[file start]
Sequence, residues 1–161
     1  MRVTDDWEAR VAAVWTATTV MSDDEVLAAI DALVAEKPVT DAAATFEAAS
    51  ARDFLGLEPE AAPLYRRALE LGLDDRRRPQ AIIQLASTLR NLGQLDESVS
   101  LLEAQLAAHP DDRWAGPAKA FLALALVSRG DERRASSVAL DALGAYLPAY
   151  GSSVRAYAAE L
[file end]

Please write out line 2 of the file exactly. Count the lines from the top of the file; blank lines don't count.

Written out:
     1  MRVTDDWEAR VAAVWTATTV MSDDEVLAAI DALVAEKPVT DAAATFEAAS